4. If you have no team in that sport in your hometown, you have the freedom to choose any team to have an allegiance to.

If you’re in North Dakota, you obviously have to root for… Well, you don’t really have a hometown team to root for… in any sport. So you should be able to root for any team that you so wish. I couldn’t root for any pro football team while I lived in Portland because there wasn’t one here. And no, Seattle does not equal Portland. Else, there wouldn’t have been a NBA team in both Seattle and Portland. So I don’t have to root for the Seahawks. 😛

Though, I root for the Steelers and Penguins, I don’t root for the Pirates since (1) management sucks but also (2) I’m not constrained to them because technically Pittsburgh isn’t my hometown. Portland is (as I was born there). But because my family was originally from there when they came over, one could say I didn’t abide by the rules for the Pirates. It’s definitely debatable.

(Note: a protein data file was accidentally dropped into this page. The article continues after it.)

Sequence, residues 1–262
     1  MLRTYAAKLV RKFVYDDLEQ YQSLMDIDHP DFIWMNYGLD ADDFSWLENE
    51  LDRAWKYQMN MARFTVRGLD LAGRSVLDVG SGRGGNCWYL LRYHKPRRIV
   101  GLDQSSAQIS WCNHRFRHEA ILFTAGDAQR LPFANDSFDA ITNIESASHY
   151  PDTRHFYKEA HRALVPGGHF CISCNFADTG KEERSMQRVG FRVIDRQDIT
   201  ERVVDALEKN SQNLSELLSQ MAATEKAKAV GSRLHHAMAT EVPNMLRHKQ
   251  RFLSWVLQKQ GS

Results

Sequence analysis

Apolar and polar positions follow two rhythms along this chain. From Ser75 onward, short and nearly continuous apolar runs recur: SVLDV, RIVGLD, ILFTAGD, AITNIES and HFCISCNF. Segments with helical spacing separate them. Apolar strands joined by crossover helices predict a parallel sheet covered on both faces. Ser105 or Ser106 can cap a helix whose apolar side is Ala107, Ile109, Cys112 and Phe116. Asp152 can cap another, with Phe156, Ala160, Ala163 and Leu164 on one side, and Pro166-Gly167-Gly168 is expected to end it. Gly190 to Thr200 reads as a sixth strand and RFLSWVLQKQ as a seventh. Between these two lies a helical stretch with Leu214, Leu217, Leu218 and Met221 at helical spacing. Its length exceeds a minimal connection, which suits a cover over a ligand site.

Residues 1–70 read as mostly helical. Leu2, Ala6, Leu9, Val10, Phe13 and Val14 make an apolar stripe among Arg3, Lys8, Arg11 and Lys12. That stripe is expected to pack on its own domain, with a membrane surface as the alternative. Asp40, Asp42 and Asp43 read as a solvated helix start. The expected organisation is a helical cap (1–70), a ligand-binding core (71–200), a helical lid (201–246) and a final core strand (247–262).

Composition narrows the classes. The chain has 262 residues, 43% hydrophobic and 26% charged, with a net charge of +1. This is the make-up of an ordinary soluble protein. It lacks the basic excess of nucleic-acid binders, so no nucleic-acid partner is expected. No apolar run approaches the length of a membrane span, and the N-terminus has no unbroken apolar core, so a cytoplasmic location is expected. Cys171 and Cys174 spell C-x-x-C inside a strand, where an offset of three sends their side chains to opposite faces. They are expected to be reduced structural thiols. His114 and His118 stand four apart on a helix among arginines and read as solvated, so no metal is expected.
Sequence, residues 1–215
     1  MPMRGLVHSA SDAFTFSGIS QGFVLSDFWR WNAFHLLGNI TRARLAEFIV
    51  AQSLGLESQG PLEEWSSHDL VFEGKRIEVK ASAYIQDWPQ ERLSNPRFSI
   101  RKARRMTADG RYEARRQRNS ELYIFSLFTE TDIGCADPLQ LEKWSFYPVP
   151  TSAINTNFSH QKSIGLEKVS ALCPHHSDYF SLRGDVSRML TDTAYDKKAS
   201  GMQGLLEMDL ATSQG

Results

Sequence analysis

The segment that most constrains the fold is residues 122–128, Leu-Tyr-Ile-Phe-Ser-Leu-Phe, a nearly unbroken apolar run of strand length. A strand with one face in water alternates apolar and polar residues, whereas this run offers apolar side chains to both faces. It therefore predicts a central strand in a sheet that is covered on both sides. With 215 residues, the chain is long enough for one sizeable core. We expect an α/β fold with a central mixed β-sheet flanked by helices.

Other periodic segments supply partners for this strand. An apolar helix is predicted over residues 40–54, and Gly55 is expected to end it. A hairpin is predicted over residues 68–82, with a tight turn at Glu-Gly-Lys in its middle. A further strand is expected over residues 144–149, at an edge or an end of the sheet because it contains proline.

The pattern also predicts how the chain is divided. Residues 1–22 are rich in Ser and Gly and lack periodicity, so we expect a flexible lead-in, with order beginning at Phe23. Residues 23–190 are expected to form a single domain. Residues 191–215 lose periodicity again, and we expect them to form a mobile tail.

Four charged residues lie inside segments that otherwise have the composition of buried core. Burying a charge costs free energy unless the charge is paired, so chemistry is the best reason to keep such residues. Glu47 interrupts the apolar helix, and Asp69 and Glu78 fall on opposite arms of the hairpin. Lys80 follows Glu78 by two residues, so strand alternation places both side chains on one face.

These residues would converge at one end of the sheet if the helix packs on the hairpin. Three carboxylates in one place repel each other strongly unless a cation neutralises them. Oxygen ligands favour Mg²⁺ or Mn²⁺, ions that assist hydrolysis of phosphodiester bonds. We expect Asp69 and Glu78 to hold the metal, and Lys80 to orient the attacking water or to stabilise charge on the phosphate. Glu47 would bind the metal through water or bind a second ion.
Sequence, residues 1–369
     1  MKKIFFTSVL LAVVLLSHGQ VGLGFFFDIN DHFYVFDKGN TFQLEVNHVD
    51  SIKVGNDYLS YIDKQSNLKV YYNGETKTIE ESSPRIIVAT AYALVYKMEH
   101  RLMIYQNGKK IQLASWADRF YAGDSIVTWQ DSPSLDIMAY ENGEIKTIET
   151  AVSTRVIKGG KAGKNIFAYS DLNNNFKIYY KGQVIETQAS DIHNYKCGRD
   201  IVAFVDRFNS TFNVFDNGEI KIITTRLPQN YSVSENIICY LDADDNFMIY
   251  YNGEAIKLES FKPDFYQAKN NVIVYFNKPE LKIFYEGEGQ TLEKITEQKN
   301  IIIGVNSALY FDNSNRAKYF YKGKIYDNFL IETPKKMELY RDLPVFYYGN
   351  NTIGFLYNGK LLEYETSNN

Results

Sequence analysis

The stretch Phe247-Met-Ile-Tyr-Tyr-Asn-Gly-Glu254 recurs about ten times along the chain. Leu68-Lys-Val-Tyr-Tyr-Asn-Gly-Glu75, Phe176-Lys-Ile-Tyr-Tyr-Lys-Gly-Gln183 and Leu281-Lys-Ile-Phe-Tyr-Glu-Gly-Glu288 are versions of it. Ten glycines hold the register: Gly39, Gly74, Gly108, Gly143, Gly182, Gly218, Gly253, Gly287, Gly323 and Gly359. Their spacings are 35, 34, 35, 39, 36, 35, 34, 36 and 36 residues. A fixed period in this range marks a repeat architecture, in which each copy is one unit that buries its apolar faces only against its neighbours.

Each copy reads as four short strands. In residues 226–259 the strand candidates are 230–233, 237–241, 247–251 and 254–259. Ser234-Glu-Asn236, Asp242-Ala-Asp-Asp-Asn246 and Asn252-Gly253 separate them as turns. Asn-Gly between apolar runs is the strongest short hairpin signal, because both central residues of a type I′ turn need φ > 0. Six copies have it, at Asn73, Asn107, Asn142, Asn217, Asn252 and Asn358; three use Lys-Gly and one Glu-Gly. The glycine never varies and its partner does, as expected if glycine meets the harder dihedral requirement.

5. You can switch allegiances if your team moves away from your city.

In the case of Seattle Sonics fans, this definitely applies. When their team moved from Oklahoma City, those that were in Seattle were pretty upset. Do they have to root them while they’re in Oklahoma? Nope. It’s not fair for those fans to have to root for their team that moved away from them because they just got screwed over.

6. You can’t have allegiances to two teams in the same sport.